Although I feel very happy here in Chiclayo, as a Canadian, I can’t help but noticing (and commenting on the weather) and currently, I could not be happier with this winter weather: 22 degrees with bright blue, cloudless skies!
I am sitting in a sofa in the common room, upstairs,
with my host sister on another sofa and my host father in the arm chair reading, a triangle of people.
At 5:15pm the door to the small sun-soaked porch is wide open
and we take in the honking, siren and whistling sounds of both moto-taxis and taxis…
Yes, the taxis are as small as they look. Taking one costs between 3 and 5 Soles within Chiclayo.
I am getting used to taking a more economical form of transport:
“colectivos” (comparable to a shared taxi ride, for 1.20 Soles) and “convis” (vans, for 1.00 Sol)
…the sound of engines, and of tires as they roll over bumps in the pavement,
children’s laughter, boys taking turns counting to 20 as they play hide-and-go-seek
parents’ occasional scolding, conversations from the sidewalk below.
And the breeze rustling the leaves of the trees in the small park in front of my house.
La vista desde mi casa, desde la izquierda hasta la derecha (The view from my house, left to right):
Peruvian flags adorn most houses now. I was told that people have until tomorrow to display a flag on their house. If not they will be fined (how much, I have no idea). My host family says that all city districts require their residents to display flags, but that unlike this district, many will not actually fine people.
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As the days pass, the activities I have been doing both at the Centro Esperanza (CE) office and various sites where it offers programs (not to mention time spent with my lovely host family) are becoming a blur. For me, the work week ended at 9:30pm last night with a session for teenagers about 5 blocks away from my house, in the district of the city which borders mine. Only three out of eight youth arrived for the session (due to “Fiestas Patrias”, patriotic celebrations) and, so instead of discussing “la democracia y la ciudadanía” (democracy and civic responsibility/citizenship), they each introduced themselves to me. Then we discussed themes and workshops that the youth would enjoy in the months to come, as my partner Hardy and I need to starting planning them. Ideas suggested by the three enthusiastic attendees: art (especially making art out of recycled materials), music (especially composing music), English, the environment (including contamination), drama, human (and youth) rights and the use of social media.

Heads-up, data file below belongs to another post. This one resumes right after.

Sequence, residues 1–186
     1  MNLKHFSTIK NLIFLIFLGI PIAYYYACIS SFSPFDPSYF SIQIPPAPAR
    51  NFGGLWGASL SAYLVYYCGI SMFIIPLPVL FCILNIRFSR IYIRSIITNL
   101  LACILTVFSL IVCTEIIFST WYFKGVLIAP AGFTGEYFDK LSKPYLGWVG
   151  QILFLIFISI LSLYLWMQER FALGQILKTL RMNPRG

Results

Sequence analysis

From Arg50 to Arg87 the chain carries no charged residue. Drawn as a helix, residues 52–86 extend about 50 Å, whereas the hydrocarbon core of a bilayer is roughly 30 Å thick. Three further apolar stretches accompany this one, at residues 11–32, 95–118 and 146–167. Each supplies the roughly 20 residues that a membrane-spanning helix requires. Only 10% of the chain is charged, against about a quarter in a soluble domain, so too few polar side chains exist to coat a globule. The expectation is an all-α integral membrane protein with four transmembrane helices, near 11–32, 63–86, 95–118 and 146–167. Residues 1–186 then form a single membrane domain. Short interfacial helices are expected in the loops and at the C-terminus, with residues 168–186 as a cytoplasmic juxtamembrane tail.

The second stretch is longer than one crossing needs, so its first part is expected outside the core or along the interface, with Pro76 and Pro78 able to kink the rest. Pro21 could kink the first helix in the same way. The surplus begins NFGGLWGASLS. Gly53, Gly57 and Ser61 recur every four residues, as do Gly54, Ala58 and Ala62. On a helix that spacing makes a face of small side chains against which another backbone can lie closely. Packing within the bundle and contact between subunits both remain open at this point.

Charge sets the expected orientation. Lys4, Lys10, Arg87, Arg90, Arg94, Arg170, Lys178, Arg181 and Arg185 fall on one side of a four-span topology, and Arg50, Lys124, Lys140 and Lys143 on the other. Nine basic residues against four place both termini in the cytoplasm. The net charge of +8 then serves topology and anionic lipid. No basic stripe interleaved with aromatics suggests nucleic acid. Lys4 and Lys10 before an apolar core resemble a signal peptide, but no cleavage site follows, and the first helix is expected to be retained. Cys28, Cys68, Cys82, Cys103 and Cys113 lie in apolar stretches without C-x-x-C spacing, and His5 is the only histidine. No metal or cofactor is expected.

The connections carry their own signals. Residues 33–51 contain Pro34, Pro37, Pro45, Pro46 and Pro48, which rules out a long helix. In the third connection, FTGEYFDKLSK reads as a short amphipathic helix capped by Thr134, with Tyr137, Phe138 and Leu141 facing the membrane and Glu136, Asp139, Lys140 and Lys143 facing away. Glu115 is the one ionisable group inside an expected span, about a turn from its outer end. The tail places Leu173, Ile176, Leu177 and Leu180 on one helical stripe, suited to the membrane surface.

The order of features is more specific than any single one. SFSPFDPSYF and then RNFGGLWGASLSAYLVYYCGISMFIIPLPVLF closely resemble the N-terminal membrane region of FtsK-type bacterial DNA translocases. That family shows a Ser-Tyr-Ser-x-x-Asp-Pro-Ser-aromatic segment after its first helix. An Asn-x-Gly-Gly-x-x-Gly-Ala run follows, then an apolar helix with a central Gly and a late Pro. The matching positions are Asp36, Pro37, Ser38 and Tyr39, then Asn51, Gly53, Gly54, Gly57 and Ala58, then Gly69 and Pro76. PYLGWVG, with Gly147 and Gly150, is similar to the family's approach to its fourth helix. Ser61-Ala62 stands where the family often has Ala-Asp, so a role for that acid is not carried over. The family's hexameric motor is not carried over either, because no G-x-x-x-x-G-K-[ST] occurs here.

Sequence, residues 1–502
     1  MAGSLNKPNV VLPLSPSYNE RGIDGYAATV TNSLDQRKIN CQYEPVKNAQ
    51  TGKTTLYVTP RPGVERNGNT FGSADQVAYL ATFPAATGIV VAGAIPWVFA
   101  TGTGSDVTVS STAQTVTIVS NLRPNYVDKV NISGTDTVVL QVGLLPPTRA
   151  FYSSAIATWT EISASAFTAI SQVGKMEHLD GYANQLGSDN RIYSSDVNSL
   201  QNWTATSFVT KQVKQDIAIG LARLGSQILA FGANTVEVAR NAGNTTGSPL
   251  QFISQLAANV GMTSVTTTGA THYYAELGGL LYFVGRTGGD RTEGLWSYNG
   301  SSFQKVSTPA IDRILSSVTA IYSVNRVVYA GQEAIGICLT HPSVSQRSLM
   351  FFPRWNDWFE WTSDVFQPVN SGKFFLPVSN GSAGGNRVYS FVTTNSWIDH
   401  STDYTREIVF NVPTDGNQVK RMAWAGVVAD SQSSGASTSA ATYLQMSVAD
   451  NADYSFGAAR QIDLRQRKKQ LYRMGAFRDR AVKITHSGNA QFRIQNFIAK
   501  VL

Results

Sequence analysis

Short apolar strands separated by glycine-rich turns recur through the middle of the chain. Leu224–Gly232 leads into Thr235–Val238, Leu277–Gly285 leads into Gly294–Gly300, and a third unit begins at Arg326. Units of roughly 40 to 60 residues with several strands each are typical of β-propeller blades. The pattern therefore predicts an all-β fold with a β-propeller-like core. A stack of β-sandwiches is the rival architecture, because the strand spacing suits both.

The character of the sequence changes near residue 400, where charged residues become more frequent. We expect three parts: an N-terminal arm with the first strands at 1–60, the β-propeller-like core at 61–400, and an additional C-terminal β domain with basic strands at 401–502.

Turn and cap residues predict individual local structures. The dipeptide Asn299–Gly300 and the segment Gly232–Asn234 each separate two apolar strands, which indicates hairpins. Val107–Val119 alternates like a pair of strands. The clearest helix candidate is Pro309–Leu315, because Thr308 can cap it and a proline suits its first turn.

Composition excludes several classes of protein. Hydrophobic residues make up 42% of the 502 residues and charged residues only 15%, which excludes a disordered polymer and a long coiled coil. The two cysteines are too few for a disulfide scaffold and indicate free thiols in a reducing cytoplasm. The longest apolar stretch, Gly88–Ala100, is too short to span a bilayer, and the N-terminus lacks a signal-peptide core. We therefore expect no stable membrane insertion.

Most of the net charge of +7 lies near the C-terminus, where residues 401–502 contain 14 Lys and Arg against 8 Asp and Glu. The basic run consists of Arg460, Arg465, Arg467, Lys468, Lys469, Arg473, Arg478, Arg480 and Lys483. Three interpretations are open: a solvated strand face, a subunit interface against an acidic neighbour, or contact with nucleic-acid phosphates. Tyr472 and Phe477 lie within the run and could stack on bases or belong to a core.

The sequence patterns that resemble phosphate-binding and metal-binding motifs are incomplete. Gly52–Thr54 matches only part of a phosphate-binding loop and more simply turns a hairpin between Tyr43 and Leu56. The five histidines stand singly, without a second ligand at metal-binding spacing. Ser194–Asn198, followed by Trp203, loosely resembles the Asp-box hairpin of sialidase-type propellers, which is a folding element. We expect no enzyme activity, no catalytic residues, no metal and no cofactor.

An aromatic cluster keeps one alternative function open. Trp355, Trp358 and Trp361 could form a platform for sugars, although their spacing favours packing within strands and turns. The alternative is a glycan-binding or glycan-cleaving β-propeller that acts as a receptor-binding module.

[I just love the presence of family here; now in the common room we are six, with the addition of my host mother, her son and daughter-in-law. They just came from a wedding and are still in their formal black clothes. As it happens, my host mother and father are going to another wedding this evening. We are all chatting, so writing this entry just became more difficult as I divide my concentration between two conversations and two languages].
Since arriving last Thursday, I have had CE activities (for at least part of) every day; these include helping kids with math and Spanish homework at a homework help session, welcoming a group of volunteers from the Canadian NGO “Heart Links” to the CE office, translating several letters of gratitude from Spanish to English and helping at a music workshop, at which I will get to learn to play the Peruvian Pan flute, or Zampoña, alongside the kids I’ll be helping to teach (probably a good idea!).
I thought that today would be my first ‘day off’; however, while cooking lunch for my house family a few hours ago, I received a call from the office requesting that I translate several pages of CE inventory (stationary, food, household goods) for April, May and June. I was working on that for the last hour or so before beginning this blog entry, but it is time to finish it. I do enjoying translating, but I will be happy to finish it to get back to my “Fiestas Patrias” weekend 🙂